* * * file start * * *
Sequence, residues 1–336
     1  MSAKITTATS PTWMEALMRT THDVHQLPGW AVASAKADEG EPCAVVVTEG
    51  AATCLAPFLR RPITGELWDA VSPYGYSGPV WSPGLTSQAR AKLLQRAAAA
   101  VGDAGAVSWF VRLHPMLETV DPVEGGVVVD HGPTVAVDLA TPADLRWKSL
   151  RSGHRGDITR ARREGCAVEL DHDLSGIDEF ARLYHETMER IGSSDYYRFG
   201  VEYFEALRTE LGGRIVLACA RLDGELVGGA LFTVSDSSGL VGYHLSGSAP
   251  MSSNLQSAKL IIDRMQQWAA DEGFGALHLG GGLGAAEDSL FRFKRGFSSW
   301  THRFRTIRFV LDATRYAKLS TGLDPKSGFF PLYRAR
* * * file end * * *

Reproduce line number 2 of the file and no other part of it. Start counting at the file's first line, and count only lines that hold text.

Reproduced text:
     1  MSAKITTATS PTWMEALMRT THDVHQLPGW AVASAKADEG EPCAVVVTEG